A bike is only worth as much as the chain used to keep in place.

RWBlue
11-20-2011, 09:47
Worst possible case, you just walk alongside the bike. Beats the crap out of carrying the gear!

Assuming we are riding on a road or normal bicycle path I totally agree.

If there is a need to go off road,......

UneasyRider
11-20-2011, 10:15
I'll ask.

Do they make a 44" tire for Mountain Bikes or is that a typo?

As for a bike, for a SHTF event, couple of things to keep in mind.

Do NOT buy a top of the line bike...heck even a nice bike for that matter. If you are talking a true SHTF event remember when you are riding it at any time someone could jack you and you could be leaving that nice $1,000 ride on the side of the road. Which brings up the second point.

Compared to walking, I would think you are much more vulnerable.

Third, take a hint from NYC messengers. Don't buy some Krypton lock which can be defeated with a pen....or even a cable lock. It will be heavy, but get yourself a nice 3-4' section of heavy duty Grade 80 chain and lock you can throw over your shoulder. You know darn well there will be people just walking around with a bolt cutter looking for stuff to take.

A bike is only worth as much as the chain used to keep in place.


In the first few hours I don't think that we will see too much panic in any but the very worst scenarios so you should be 30 miles away with proper motivation. :wow:

Dexters
11-20-2011, 11:42
Compared to walking, I would think you are much more vulnerable.



Why? And, by how much?

Dexters
11-20-2011, 11:46
Assuming we are riding on a road or normal bicycle path I totally agree.

If there is a need to go off road,......

Maybe the North Vietnamese should have been told this.


They might not have used bikes to transport supplies on the Ho Chi Min trail - can you get any more off road?.

RWBlue
11-20-2011, 12:36
Maybe the North Vietnamese should have been told this.

They might not have used bikes to transport supplies on the Ho Chi Min trail - can you get any more off road?.

How much off road, off trail bike riding have you done?

Based on my experience, the bicycle with trailer sucks when you get off road and off trail in the hills.

Now, if you want to move through the woods with several hundred of your friends you can certainly alter the area to transport goods, but even then it is easier to move a bicycle vs. move AND trailer.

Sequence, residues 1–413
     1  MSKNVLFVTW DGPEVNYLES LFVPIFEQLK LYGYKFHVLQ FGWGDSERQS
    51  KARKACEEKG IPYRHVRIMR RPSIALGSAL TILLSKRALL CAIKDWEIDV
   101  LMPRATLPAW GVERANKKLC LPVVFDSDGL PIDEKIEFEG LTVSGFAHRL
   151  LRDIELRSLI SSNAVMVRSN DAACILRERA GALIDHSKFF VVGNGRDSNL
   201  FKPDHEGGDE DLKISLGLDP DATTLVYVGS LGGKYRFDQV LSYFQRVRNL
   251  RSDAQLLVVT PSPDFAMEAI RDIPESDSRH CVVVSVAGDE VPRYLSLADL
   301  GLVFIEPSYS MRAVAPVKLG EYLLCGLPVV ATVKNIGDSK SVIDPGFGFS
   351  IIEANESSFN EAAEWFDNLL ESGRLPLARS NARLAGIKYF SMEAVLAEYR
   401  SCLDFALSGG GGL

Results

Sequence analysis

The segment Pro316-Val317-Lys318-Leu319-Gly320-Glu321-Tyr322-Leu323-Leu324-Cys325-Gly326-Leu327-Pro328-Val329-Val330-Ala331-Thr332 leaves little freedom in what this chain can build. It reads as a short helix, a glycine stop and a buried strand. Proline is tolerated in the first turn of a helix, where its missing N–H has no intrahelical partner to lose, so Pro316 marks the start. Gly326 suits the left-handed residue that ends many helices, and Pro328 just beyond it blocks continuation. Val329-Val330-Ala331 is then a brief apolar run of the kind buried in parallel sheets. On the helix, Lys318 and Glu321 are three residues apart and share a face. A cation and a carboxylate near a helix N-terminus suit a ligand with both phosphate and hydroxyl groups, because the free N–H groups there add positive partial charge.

Dexters
11-20-2011, 13:30
How much off road, off trail bike riding have you done?

Based on my experience, the bicycle with trailer sucks when you get off road and off trail in the hills.

Now, if you want to move through the woods with several hundred of your friends you can certainly alter the area to transport goods, but even then it is easier to move a bicycle vs. move AND trailer.

I've mountain biked last week in Fla, Last June/July in Colorado and in North GA - I live close by. What about you?

They suck compared to what?

How much weight are you carrying by bike alone vs bike with trailer vs only by backpack?

pugman
11-20-2011, 13:40
Why? And, by how much?

When you are riding a bike and say someone gets something into a tire...and you take a spill...you are out of commission for several seconds to possibly even knocked out. Yes, someone intent on getting you rather than the bike has just as much opportunity if you are walking but when riding you have speed against you.

When I've watched videos of someone on a bike gets jacked...what is usually their first response? Instinctively, they try and get back on the bike and get going again. Bad move

The other thing is when you ride a bike...you don't seem as aware of your surroundings since 1) things are moving past faster 2) you are concentrating on things like riding the bike, watching for other vehicles, etc.

Don't get me wrong. I bought a bike last summer with the sole intent of using if if something happens and gas hits $8.00/gallon; I can use it to ride to the store or whatever and save money.

Given no other choice would you rather walk or ride a bicycle through the L.A riots or post New Orleans Katrina. The bike's sole asset is speed. I just think it potentially makes you a target as well.

When the OP said SHTF I'm thinking long term

Now, can I mount a weapon on the bike? Now we are talking...:supergrin:

Dexters
11-20-2011, 13:57
When you are riding a bike and say someone gets something into a tire...and you take a spill...you are out of commission for several seconds to possibly even knocked out. Yes, someone intent on getting you rather than the bike has just as much opportunity if you are walking but when riding you have speed against you.